• Air Quality, you'll have to have filters and you'll have to make sure air flow doesn't stop otherwise you end up with suffocation...you know dead people.

That being said there are reasons to build underground on a future earth or a planet only slightly different from Earth.

  • Storms. If a planet has regular, very strong storms, building up is a bad idea.
  • Lack of wood. Now its still probably cheaper to mine stone and build stone dwellings, or clay works...or sod. But its not unreasonable to think it'd be more common.
  • Creatures. If you have a man hunting beast it is way easier to secure an underground dwelling.
  • Post apocalypse...if the surface is a barren hellscape...

Inventions: Ironically we don't really need any new tech to make this feasible. As mentioned it is still going to be more difficult/expensive but with modern technology we can certainly create a stable effective underground dwelling.

  • Water systems. You are going to need pumps to REMOVE waste as opposed to needing it to get water, which is the flipside of how we do it today, but doesn't require anything special.
  • Ventilation. Special filters for radon and others stuff (as you mentioned) will be needed and the supply needs to be constant and need backups. This is particularly true with larger underground settlements. O2 is good for humans...
$\endgroup$
3
$\begingroup$

Living and working underground is fine.

Huge expanses of empty limestone mines under Kansas City are used for all sorts of industrial and office space.

https://www.usnews.com/news/us/articles/2015/09/14/ap-news-guide-kansas-citys-network-of-underground-caves

But the coolest has to be the underground cities in Turkey.

http://www.goreme.com/kaymakli-underground-city.php

These are huge and very old. I am not sure how they addressed ventilation back before electricity. Especially if your only light was fire. One would think there would be giant piles of rubble on the surface nearby.

$\endgroup$
  • $\begingroup$ Thanks for this info concerning Kansas City, very useful for my setting. $\endgroup$ – Shadow1024 Mar 8 '17 at 21:36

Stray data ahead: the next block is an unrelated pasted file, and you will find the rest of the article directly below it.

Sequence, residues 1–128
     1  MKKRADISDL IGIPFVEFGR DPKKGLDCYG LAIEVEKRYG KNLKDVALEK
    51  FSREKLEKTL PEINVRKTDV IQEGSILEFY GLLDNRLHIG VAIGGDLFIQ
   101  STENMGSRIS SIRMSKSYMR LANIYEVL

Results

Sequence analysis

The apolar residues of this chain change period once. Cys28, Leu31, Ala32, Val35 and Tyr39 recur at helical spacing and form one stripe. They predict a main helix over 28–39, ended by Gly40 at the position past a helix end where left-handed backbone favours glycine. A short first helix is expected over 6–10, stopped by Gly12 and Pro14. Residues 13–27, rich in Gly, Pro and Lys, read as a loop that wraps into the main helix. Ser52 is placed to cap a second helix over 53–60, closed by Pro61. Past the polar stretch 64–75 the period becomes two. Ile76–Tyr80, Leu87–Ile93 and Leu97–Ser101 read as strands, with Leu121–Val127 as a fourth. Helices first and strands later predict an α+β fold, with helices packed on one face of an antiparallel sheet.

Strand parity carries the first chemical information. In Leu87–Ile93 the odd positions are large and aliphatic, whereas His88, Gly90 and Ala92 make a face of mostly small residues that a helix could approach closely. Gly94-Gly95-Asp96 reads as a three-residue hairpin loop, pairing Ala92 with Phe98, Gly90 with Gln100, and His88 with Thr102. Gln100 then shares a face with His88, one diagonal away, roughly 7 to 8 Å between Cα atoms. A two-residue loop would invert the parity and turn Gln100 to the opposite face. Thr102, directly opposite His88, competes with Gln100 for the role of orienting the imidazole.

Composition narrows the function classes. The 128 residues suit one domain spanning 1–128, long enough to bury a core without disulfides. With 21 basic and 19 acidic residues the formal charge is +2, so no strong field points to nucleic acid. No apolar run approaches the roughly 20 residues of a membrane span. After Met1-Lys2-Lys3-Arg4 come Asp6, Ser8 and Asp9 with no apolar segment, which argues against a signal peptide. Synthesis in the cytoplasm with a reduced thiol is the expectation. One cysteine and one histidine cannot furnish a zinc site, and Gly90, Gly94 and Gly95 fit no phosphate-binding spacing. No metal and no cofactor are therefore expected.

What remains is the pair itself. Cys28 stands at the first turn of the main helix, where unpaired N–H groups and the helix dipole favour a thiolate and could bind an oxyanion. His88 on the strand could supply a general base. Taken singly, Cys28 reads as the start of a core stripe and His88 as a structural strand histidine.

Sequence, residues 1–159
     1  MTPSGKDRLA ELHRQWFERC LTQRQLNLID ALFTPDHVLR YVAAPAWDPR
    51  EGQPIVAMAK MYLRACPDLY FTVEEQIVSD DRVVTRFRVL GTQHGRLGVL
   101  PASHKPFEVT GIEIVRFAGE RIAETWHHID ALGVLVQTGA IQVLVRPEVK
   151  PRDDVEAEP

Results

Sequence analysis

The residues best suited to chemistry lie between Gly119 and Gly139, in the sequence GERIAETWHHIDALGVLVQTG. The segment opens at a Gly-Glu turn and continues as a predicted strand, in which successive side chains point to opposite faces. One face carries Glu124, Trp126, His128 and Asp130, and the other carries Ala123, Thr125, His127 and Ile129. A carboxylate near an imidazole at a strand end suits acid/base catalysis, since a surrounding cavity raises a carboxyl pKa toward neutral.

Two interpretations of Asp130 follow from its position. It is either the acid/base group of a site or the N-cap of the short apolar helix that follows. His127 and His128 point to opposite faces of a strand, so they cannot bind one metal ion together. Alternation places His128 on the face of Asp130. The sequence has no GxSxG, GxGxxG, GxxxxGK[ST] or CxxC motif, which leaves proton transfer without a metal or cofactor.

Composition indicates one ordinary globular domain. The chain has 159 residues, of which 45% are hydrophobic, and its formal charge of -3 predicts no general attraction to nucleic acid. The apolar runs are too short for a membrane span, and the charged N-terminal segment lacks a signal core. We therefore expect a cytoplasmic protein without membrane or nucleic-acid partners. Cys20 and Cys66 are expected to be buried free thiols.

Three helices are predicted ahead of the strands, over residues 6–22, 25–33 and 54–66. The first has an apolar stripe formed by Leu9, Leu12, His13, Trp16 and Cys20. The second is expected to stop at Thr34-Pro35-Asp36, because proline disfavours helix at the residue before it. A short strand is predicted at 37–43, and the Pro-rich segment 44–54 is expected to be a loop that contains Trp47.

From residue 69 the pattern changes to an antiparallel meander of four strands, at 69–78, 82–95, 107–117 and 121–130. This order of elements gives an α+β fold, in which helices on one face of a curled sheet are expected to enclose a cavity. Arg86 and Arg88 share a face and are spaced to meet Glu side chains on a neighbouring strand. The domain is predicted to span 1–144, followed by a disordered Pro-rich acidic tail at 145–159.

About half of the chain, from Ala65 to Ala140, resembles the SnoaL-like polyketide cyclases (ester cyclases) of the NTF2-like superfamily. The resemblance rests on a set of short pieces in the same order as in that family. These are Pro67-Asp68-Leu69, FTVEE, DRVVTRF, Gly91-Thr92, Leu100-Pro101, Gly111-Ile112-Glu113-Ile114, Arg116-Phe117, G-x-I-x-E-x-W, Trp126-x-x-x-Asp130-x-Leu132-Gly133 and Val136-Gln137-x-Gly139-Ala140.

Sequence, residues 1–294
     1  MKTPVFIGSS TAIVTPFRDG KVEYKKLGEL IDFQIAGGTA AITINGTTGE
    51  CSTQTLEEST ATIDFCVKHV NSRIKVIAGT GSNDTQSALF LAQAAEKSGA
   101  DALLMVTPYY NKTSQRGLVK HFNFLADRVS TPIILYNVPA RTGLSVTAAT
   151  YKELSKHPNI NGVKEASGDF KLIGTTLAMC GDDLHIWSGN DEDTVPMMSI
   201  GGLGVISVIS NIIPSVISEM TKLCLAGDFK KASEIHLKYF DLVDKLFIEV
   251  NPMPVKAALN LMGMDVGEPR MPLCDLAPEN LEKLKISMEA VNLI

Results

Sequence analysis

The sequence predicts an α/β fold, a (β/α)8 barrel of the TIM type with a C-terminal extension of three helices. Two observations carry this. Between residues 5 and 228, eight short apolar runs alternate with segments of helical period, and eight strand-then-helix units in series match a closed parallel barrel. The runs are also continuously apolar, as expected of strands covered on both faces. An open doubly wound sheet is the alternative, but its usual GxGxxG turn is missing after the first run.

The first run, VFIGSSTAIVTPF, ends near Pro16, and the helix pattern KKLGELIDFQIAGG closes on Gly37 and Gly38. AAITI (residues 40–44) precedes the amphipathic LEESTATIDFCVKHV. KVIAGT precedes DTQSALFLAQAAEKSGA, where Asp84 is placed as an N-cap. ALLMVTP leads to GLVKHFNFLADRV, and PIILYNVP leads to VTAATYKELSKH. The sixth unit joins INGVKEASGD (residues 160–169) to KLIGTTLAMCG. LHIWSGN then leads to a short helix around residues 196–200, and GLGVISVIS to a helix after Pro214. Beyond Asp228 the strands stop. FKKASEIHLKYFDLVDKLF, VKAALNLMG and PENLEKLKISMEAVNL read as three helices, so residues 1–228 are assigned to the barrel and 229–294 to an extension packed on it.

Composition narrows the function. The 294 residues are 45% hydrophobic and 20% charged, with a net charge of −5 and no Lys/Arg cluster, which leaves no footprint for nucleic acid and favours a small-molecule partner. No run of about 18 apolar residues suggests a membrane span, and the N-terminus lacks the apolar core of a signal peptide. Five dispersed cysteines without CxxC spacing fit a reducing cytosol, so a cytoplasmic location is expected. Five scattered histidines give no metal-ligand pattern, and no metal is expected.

• $\begingroup$ en.wikipedia.org/wiki/Coober_Pedy is another place. This is too get out of the heat. $\endgroup$ – Catprog Mar 8 '17 at 22:54
2
$\begingroup$

First of all, I don't think that people, given the choice, would like to live underground. Our ancestors might have lived in caves, but they spent most of their time outdoors.

As far as technology goes, the most important thing that we missing is good burrowing technique. Building tunnels is bedrock is very slow and expensive today. Erecting a building of the same volume on surface costs just a small fraction of underground building's costs.

Second thing is reinforcing the structure. When we have relatively small caves in a large amount of rock, the structure is stable. But if we want to use the most of the volume, walls and floors are becoming too thin to support it. Right now humans need to excavate the whole cavern and then build the walls and floors out of manufactured materials. This only makes underground buildings more expensive. If there was a quick and reliable way to reinforce rock, that would help. Another concern is earthquakes. For a surface building, we can design it with a certain seismic resistance. For underground tunnels, there is just no way of saying when they can collapse.